In terms of scale, we just don't know right now, and we're going to have to evaluate the membership we have secured through March 31, and then begin predicting what additional membership we might be able to pick up, beginning in the next cycle.
The reality is, with all the changes that occurred, there will be an uptick in premium costs.
Many of the prog-nosticators are claiming double digits. Is that true? We just don't know right now, but it does appear as if it's likely.
MH: If we see double-digit rates when the new premiums come out in July, will that be a signal that Obamacare is a failure?
Swedish: Not at all. We've created access for many, many people who have not had access. The statistics are still coming together to pass judgment on just how many have entered that have never had health insurance, or did not have it for quite some time. So in that regard, I think there is success. From another perspective, there are many who have entered by way of subsidies. They have been given an affordability option that they previously did not have access to. We believe our plan offerings are very high quality and reasonably priced, relative to the value that enrollees are acquiring. So all in all, I think there are a lot of reasons to celebrate successes. The flip side is, absolutely there are challenges we're going to have to work out. But we believe this will work out over time. I think we have to be patient.
MH: What is WellPoint doing in terms of working with providers to improve the quality of care and target population health?
Swedish: I can give you one example. Emory University Health System just announced a partnership with us where our Care-More operation is going to partner with them to manage the frail elderly around issues of read-mission and the chronic illnesses they face. We will basically be embedded in Emory and provide clinical support in an area that is a very difficult management proposition for clinical care. So we are rapidly beginning the provider collaboration that many have envisioned. We believe there will be many like that in the near future, as providers and payers meld together to create solutions and improve care, outcomes and patient safety.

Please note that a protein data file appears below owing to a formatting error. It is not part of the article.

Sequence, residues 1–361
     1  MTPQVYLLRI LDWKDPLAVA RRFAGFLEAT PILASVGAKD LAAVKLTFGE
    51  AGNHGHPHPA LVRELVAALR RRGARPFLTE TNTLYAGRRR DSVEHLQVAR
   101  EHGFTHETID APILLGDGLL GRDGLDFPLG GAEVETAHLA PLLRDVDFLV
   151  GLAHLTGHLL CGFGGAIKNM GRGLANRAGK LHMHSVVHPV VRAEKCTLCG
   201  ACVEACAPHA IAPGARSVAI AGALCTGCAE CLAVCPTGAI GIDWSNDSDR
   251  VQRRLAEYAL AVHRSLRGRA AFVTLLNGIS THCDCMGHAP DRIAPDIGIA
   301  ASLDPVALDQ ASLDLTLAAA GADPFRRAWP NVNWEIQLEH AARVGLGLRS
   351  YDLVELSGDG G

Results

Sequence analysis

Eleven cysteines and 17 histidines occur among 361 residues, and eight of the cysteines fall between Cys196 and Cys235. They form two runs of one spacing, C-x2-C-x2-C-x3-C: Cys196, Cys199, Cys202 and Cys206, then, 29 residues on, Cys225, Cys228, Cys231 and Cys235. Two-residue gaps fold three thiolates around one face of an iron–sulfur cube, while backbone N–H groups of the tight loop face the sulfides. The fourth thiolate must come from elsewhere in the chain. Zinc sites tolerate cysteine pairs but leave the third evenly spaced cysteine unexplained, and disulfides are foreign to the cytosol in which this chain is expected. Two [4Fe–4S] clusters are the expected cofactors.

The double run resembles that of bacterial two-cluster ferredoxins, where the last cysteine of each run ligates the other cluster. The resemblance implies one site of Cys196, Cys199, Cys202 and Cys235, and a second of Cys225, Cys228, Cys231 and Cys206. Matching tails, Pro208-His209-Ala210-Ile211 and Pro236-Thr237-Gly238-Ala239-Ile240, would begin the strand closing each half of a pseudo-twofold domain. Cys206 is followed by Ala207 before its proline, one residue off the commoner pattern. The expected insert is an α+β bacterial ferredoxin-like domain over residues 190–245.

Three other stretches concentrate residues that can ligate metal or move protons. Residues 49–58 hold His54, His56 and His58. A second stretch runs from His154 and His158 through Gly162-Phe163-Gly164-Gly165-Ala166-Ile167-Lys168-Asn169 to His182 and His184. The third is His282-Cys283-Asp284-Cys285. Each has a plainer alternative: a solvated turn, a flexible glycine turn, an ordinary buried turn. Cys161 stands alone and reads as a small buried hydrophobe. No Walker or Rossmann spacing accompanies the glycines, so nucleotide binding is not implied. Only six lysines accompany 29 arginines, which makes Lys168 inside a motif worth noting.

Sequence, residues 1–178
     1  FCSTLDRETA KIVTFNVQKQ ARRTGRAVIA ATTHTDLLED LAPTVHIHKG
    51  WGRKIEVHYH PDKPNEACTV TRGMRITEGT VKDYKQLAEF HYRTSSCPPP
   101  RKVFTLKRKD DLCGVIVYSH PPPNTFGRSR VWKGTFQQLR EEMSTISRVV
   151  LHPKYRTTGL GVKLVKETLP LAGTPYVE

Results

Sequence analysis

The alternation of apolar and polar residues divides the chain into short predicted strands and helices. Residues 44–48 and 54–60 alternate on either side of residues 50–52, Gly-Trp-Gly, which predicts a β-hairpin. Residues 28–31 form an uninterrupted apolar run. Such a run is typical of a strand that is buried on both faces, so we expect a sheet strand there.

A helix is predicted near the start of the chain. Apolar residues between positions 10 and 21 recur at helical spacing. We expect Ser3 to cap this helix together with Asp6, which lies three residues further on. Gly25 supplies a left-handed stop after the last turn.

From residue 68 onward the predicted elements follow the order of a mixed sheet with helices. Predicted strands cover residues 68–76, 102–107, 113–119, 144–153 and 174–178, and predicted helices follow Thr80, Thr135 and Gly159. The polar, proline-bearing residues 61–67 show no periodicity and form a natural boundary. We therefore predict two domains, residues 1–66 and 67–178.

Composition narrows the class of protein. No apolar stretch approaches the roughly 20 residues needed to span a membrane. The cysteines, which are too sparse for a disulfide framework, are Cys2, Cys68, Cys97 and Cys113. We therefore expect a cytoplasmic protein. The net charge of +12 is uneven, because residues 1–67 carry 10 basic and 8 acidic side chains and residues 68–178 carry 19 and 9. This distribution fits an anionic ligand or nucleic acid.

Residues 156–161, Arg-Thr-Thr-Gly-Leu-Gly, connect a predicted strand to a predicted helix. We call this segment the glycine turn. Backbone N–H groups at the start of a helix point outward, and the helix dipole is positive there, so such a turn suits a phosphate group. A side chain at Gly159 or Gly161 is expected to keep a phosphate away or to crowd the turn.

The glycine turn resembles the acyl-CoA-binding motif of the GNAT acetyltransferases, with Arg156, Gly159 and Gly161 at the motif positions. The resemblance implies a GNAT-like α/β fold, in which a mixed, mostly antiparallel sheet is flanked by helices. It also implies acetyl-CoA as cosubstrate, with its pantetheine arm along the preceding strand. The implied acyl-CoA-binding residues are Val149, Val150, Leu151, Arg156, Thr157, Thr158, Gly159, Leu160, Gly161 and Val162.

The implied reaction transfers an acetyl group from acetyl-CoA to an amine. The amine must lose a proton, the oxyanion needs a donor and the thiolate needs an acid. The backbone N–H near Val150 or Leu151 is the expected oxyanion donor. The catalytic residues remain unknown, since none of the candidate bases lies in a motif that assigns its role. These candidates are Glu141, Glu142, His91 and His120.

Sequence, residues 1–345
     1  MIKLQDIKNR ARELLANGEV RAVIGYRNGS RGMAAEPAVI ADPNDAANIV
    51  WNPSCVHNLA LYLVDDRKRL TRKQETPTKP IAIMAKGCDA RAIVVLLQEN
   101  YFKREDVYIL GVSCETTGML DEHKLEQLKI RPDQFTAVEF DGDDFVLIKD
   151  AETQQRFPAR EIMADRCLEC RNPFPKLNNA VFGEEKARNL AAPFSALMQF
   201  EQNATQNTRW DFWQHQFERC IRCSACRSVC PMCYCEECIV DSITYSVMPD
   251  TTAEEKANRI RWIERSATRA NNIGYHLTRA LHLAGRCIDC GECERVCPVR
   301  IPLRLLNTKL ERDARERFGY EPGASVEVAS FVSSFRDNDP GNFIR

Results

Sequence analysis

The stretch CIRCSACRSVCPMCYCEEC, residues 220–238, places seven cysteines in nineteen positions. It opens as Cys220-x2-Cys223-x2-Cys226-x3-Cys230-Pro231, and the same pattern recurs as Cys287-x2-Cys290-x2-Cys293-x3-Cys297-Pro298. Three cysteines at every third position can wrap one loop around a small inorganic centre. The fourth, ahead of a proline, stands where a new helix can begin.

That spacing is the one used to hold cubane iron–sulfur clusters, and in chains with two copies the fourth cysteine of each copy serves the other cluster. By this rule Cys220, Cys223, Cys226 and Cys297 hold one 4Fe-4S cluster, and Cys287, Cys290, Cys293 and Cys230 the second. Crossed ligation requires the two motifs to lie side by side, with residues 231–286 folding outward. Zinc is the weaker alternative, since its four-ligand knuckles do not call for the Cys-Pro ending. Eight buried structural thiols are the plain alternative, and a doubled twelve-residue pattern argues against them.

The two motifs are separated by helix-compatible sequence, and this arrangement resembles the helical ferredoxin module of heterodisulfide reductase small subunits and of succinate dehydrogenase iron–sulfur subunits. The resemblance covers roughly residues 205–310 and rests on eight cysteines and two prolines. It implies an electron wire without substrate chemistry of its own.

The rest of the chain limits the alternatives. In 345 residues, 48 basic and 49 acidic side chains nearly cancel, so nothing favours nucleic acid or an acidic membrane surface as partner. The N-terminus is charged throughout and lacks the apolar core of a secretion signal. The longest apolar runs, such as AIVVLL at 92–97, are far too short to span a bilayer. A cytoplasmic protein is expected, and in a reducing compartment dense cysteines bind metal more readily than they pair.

MH: What do you think about the attacks on health plans offering narrow provider networks?
Swedish: There are a lot of positives that go with so-called narrower networks. We believe, and it's embedded in the Affordable Care Act, that network configurations do make a difference in providing quality and price performance that's attractive to consumers. Payers are selecting providers. But providers are selecting payers, too. Choices are being made by providers and payers to create something of value for consumers. In many, many markets, there are multiple options for so-called narrow networks. In some markets, there are a limited number of options. Over time, the marketplace will sort this out very effectively as new entrants come into the landscape and offer products that compete against another narrow network. So my advice is, let the market prevail. Over time it will work out.
Send us a letter
Have an opinion about this story? Click here to submit a Letter to the Editor, and we may publish it in print.